Finally, some relief is in sight for iPhone 4 users bedeviled by the proximity sensor bug. I called it Apple's second Vietnam on July 5 because the proximity bug is a worse problem than Antennagate. Simply put, the antenna problem is easily mitigated with a case (or a piece of tape) -- but the proximity sensor bug is a deal breaker, especially when it causes you to hang up on/mute/Facetime calls with clients.
The proximity sensor in the iPhone 4 is what tells it how close the phone is to your face so that it can turn the touchscreen off while you're making a phone call. This has the effect of a) saving battery power, and b) preventing inadvertent touches of the screen by your face.
The problem is that the proximity sensor in the iPhone 4 is on a hair trigger. It's either not sensitive enough, miscalibrated or both. In over three years of using the iPhone 2G, 3G and 3GS I've never accidentally hung up on, muted or put a call on speakerphone while holding it up to my face -- not once. Yet I've done it a half dozen times on my iPhone 4 over the past weekend.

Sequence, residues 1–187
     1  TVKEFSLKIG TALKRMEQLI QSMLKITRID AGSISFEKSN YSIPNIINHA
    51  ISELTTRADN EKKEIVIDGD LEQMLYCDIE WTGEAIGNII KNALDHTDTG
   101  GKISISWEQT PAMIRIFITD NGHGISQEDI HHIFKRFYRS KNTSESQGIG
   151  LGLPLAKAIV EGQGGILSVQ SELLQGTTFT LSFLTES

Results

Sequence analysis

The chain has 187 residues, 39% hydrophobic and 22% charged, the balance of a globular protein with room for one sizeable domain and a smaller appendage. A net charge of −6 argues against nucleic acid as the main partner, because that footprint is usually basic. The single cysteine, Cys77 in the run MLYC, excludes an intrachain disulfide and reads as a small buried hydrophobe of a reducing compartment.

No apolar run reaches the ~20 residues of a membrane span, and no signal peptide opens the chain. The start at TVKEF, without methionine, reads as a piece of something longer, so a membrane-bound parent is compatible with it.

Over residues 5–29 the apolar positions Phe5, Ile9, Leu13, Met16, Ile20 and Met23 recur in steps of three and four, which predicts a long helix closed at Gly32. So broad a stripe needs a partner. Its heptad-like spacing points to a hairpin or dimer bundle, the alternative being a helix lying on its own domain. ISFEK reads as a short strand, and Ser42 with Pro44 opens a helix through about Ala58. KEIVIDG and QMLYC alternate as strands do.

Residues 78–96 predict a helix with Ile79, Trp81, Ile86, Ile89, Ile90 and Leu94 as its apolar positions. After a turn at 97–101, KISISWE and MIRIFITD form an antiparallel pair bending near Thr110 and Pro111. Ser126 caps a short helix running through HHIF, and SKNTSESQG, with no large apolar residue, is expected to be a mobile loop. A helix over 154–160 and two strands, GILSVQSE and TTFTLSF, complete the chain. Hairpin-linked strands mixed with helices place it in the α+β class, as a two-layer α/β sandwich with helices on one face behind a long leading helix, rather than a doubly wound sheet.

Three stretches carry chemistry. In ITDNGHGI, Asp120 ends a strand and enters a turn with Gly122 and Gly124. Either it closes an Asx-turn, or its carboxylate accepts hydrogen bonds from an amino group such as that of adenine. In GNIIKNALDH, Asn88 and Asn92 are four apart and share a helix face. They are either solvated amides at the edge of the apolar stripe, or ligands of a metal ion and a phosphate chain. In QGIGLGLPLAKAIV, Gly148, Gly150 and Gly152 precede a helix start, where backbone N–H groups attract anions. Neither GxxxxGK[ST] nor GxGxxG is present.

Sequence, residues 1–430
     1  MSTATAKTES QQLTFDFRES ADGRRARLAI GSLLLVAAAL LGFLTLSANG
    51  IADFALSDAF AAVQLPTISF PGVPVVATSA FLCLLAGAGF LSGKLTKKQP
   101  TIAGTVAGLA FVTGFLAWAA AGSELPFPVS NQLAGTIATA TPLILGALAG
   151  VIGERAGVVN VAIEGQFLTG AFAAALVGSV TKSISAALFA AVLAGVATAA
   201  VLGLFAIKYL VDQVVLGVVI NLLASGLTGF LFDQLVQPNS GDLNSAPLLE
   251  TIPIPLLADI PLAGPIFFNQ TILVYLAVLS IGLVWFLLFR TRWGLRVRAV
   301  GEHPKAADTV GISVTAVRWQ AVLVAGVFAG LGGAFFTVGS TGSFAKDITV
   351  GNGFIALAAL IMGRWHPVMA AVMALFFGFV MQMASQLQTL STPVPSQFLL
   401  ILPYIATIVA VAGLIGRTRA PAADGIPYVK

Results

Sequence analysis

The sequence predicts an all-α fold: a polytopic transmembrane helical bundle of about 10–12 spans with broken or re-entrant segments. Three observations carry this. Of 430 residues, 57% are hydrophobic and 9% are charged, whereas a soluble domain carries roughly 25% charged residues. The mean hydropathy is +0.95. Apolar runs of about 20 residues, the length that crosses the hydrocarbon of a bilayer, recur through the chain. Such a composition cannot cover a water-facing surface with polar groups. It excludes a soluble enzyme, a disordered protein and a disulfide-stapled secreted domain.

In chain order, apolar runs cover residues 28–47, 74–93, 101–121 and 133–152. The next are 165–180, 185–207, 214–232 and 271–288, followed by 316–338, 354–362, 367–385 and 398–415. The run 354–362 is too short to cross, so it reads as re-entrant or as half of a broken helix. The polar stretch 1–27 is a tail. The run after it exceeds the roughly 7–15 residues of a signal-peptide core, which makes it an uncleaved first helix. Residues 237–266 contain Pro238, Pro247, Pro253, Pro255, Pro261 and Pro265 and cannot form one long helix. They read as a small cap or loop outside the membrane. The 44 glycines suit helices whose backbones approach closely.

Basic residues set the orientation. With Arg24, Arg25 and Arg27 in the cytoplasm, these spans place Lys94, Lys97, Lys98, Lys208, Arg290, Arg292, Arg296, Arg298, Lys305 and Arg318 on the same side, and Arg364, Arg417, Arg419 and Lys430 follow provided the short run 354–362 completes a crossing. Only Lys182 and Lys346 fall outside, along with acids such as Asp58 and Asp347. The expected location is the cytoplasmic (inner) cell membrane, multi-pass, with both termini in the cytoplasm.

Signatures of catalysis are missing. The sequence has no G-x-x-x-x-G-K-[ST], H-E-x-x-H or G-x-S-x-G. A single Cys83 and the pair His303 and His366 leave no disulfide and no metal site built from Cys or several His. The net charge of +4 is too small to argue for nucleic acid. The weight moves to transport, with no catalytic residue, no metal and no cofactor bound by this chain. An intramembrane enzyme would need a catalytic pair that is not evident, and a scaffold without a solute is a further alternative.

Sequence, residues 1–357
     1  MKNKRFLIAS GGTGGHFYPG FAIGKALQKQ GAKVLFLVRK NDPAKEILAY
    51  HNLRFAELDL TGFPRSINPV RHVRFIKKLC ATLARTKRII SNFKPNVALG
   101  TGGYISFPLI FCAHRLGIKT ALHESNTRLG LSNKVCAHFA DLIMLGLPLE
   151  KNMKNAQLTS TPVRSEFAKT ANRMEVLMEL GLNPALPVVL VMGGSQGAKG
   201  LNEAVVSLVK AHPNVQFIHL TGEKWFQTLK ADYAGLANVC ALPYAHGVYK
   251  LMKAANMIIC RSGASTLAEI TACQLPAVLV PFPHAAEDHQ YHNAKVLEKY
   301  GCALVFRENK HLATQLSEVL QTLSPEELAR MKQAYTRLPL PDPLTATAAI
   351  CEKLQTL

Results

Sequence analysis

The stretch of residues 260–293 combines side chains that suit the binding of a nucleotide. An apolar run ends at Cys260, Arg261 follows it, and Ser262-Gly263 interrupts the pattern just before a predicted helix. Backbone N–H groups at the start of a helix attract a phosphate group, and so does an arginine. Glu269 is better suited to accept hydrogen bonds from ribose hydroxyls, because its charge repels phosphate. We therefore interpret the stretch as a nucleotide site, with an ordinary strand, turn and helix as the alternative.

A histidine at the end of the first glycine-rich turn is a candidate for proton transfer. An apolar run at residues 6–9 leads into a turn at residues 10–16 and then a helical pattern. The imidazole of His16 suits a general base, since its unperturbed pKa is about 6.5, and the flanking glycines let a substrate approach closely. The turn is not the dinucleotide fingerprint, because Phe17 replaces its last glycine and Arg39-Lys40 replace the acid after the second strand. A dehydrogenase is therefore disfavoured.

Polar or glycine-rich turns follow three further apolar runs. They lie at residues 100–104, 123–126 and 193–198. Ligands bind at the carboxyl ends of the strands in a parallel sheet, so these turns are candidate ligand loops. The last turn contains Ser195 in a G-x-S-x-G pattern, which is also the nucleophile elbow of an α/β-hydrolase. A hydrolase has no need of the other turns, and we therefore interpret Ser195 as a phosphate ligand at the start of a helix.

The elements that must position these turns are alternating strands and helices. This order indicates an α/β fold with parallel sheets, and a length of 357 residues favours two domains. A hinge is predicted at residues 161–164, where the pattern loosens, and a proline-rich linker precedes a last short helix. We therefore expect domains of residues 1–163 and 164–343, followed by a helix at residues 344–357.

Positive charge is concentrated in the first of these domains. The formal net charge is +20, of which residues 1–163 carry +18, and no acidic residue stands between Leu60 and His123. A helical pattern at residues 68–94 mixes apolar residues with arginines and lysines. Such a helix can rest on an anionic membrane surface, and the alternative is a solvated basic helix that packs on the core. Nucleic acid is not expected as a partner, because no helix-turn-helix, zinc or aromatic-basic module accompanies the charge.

There are conflicting reports about whether Apple fixed the widely-reported iPhone 4 proximity sensor issue in iOS 4.1 beta 2. MacRumors says the issue hasn’t been addressed, but Cult of Mac says that beta 2 fixes the bug. As an added bonus, Cult reports that beta 2 also includes a baseband update (AT&T 7.1), which apparently fixes HSUPA upload speed issues -- which slowed video and photo uploads to a crawl.
The iOS 4.1 beta 2 update is only available to developers, but it could be released as soon as the end of August if testing goes well.
Update: I hate to be the bearer of bad news but iOS 4.1b2 didn't fix the issue for my iPhone. I faceTimed a couple of callers today.